CMC (during transmit) is RF Current that is picked up by the outside surface of the coax; “3)” above.  This occurs when radiated RF from one side of the antenna strikes the coax more intensively than radiated RF from the other side of the antenna – for instance when the coax is run diagonally away from the antenna, resulting in it being closer to one side of the antenna than the other.


(Note: there is another type of CMC that occurs during receive, but we’ll discuss that topic for another paper.)


The common mode current flows along the outside of the shield until reaching the SO-239 coax jack at the TX or Antenna Tuner.   Here it merges together with the differential current flowing on the inside of the shield, changing the amount of total current on the shield at that point.  This in turn disturbs the current balance that was inside the coax, causing an imbalance, and may be the cause of minor or even major problems in the shack or house.


With openwire feedline we may also incur common mode current.  It is caused by the same situations that cause common mode current in coax transmission lines.


As stated above, it is especially a problem at the point where the balanced feedline meets the unbalanced 50 Ohm feedline used with our transmitters.  This is usually the antenna tuner.  Specifically, it is usually the "Tuner Balun" of the antenna tuner.  


Common Mode Current must be avoided.  It can be reduced, almost completely eliminated by the use of the correct type of balun.  Using the wrong type of balun can, under certain circumstances, even increase CMC, rather than impede it. 


The ability of a balun to choke or impede the flow of CMC on the line is called its “Common Mode Impedance” or “CMI”.


Specifically in terms of CMI, which reflects the baluns ability to empede CMC. 




There are significant differences in different baluns’ ability to impede CMC.

  • In general, a 1:1 Guanella Balun (as well as a 1:1 Maxwell Balun) will maintain its CMI value, even in the presence of high SWR. 
  • In general, a 4:1 Guanella Balun (current balun) has good CMI when it is operating in a perfectly matched condition. 
    • But as the SWR rises, its CMI falls off rapidly, becoming almost useless once the SWR reaches 5:1 or so. 
  • NOTE:  this can often occur with Tuner Baluns feeding openwire-fed antennas.  
  • Although the balun continues to transform impedance at a 4:1 ratio, its ability to impede common mode current deminishes significantly, rendering it virtually useless as a balun.
  • This is the main reason NOT to use this kind of balun as a tuner balun.


As W7EL pointed out, the 4:1 "voltage" balun is pretty worthless in impeding common mode current and should not be used for this purpose.


Therefore it is imperative to always use a current balun with antennas and to use a 1:1 current balun as the Tuner Balun.  If you need additional matching, then the 4:1 Guanella balun may be added as the transformer, but it is doing very little to help with CMI.  In this case, you can just as well use a 4:1 voltage balun as the transformer, because it is simpler to build.


One More Reason:  


Sometimes the impedance of an antenna is very low at the TX end of the openwire feedline.  For example, it might be just 20 Ohms.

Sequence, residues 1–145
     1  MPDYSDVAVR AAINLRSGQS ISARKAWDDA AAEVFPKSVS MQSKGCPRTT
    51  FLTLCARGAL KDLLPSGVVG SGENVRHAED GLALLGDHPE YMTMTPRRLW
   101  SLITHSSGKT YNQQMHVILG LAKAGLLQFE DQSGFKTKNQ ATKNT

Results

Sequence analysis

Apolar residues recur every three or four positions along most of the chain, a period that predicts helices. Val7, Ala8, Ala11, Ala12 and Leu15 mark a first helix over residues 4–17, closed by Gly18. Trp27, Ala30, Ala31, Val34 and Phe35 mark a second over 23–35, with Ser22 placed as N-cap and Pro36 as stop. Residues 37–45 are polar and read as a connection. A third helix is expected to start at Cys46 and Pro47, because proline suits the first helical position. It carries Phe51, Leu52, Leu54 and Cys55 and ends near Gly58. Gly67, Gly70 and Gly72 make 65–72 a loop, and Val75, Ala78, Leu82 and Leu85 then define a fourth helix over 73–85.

• If we use a 1:1 balun, the matchbox sees 20 Ohms which is probably no problem to match. 
  • If we use a 4:1 balun, the balun is transforming the impedance in the wrong direction and the matchbox sees just 5 Ohms.  This may be difficult, even impossible for the matchbox to match.




Simple.  Many antennas have an impedance close enough to 200 Ohms for the 4:1 Guanella balun to be effective in impeding CMC.  Examples:  OCFD, Folded Dipole, and certain types of Loops.  The 4:1 current balun works quite well with these.


Buyer Beware:  Most balun OEMs are offering a simple, low cost 4:1 Guanella balun based on a single core solution.  These baluns do not work; at least they do no perform the full job of a balun because they fail to impede common mode current when used in an antenna.  You MUST use a dual-core 4:1 Guanella balun for this purpose.



The difference is simple; Maxwell is typically a bunch of ferrite beads pushed over the outside of the coax, whereas Guanella is several turns of coax passing through a ferrite toroid.  Both have advantages and disadvantages.  The Maxwell is easy to build and its CMI is fairly constant over a broad frequency range, but the Guanella has far more CMI than the Maxwell.


Good Antenna Tuners have a very broad matching range and we use them with all sorts of antennas.  Some of us run QRP or just 100w, others run 1kW or more.  The amount of CMC and the damage it does depends to a large extent on how much power we are running.

In most cases, a good Maxwell (1:1) balun might suffice.  Sometimes a 1:1 Guanella is required.  But when the CMC is high and the power level is also high, we will need additional choking (CMI).  One way of getting this is to beef up the balun.  Add a 2nd, 3rd, or even 4th toroid to the balun.  We can easily do this when the balun is external; not so easy when it is internal.  See K9YC’s “RFI-Ham” for more on this.

In addition, as Owen Duffy, VK2OD points out; baluns mounted against a metal chassis are subjected to mutual capacitance, which may also disturb the balance.  It is simply better to mount them externally in a plastic box.  This enables easily beefing the balun up in special cases where you encounter heavy CMC.